Artisans of the Grasslands is truly unique from other conferences I’ve attended (and not in the ComicCon way, like the other conference going on here at the same time as the Savory Institute conference. What a contrast by the way: Artisans on the land and fantasy fans.) Today the keynote speech was written by the audience. Imagine that. Allan Savory said this movement is about ordinary people doing extraordinary things. And the conference puts ordinary people in the spotlight. All of us. In terms of the sessions, today I attended Nora Gedgaudas’s talk on the Paleo diet. This was more of a reinforcement of ideas and beliefs I already held (although new facts are always fun). The other session I attended with Birju Pandya about empathy in investment and the true forms of wealth was one of those moments that change the way the world looks. When some of the layers are peeled back and concepts that always bumped into each other over and over finally fall into place.

Fat supplies our brain

I learned in Nora Gedgada’s session that humans in the paleolithic era were high-level carnivores, which meant we ate large, terrestrial, herbivores. We were designed to get protein from animal foods.

Some fun facts:

  • Paleolithic people were leaner that we were now not because of energy expenditure ( the hunter, gatherer communities worked about 3 hours a day) bu tbecause of their diet compared to the modern diet.
  •  We are all Ice Age beings. Dietary fat is critical to survival. Fat supplies our brain. Twenty to 30 percent of our calories go to feeding our brain.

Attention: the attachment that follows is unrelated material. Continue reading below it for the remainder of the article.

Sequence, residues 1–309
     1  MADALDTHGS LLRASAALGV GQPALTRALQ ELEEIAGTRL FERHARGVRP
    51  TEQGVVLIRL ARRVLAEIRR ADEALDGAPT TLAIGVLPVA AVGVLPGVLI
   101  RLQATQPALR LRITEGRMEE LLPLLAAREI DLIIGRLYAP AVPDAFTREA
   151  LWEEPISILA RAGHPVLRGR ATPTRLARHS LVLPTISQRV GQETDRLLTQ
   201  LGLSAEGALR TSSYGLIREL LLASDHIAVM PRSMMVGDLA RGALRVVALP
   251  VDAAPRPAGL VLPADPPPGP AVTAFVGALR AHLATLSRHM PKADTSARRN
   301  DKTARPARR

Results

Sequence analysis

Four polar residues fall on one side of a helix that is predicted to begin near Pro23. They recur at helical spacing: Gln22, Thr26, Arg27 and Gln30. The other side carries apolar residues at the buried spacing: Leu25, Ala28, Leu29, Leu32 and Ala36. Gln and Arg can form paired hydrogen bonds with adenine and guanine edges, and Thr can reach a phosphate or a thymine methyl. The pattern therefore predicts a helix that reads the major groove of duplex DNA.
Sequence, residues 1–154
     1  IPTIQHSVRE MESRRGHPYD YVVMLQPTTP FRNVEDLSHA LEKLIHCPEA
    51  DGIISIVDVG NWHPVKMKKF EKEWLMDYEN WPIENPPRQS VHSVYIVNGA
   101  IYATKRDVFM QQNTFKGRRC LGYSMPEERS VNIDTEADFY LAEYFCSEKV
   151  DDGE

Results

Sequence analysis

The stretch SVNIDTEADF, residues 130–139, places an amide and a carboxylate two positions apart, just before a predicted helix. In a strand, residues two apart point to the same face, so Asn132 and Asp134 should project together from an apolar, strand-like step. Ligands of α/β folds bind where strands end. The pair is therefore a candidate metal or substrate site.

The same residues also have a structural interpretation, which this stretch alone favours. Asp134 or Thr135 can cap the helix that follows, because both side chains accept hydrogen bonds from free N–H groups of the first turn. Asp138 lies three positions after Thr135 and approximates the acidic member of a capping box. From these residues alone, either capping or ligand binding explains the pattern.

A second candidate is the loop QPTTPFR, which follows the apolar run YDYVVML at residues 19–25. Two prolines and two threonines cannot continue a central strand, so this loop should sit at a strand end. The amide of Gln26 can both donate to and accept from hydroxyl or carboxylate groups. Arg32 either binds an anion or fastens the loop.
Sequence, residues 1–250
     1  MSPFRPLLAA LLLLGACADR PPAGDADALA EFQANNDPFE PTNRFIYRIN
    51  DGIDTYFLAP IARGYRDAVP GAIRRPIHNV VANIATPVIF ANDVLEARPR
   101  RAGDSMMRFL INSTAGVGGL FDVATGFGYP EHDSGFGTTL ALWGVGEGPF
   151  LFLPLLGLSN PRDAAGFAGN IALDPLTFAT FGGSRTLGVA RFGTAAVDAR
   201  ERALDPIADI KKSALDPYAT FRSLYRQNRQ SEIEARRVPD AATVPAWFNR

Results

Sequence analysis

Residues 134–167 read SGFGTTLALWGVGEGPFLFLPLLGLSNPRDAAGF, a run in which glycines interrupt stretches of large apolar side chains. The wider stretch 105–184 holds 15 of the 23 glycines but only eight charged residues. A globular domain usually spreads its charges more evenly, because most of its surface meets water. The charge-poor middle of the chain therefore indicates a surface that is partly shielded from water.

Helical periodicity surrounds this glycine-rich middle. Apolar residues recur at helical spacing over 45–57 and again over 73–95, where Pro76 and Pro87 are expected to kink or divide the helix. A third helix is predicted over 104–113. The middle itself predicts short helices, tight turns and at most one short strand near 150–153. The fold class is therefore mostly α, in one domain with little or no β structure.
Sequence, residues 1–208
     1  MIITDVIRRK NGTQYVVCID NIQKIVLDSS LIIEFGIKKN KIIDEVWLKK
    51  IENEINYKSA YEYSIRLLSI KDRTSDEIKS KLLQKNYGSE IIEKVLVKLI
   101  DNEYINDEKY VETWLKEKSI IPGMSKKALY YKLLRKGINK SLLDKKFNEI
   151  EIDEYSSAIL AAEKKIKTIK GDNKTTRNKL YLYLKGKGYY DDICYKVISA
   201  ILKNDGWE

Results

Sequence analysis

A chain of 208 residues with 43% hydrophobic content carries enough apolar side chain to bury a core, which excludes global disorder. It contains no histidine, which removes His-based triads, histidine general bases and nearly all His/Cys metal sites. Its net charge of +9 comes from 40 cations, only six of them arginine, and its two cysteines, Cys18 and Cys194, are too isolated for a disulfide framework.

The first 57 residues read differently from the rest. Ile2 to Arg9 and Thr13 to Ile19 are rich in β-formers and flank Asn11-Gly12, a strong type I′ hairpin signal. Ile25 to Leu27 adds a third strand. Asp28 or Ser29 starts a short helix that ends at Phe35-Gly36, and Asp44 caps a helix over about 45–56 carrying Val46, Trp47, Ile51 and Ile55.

• Grains are an inferior nutrient source to animal and other food sources. Nora said we became addicted to grains which is why we chose to cultivate them (and perhaps because they created beer and other alcohol).

Collaboration builds wealth

In Birju’s session we talked about the over-emphasis on finances in the general discussion of wealth. He said that the investment world is dominated by fear. And when we are in fear we are in the fight or flight mode. Our financial decisions are driven by fear. What happens when we could broaden our perspective of wealth to include other forms (community, acceptance, belonging, family, peace, gratitude)? Note that Birju works for an impact investment firm that originally invested in the Savory Institute. We sat in a circle and began the session with 30 seconds of silence to reflect on our intention and reason for being in the session. How does that compare to the usual slide show presentation? It’s much more meaningful, I promise. Everyone shared their story. Birju asked questions and others shared. Instead of learning from one person, I learned from 15. And not just rambling opinions and facts (?) spouted from strangers. People shared their stories–their hopes, dreams and love. I remember all of them. I was moved by all of them. I learned of businesses that pay it forward, that trust their customers to pay what they believe the service or product is worth. We asked, what if we practice gratitude and love instead of self-preservation and fear? When we trust people, we observed, they act trustworthy. Giving actually generates more money. It makes people feel good to give. It opens us up. To new messages, to new friends, to new experiences and new ways of viewing the world. It, perhaps, rewires us to be positive people.

You might also enjoy: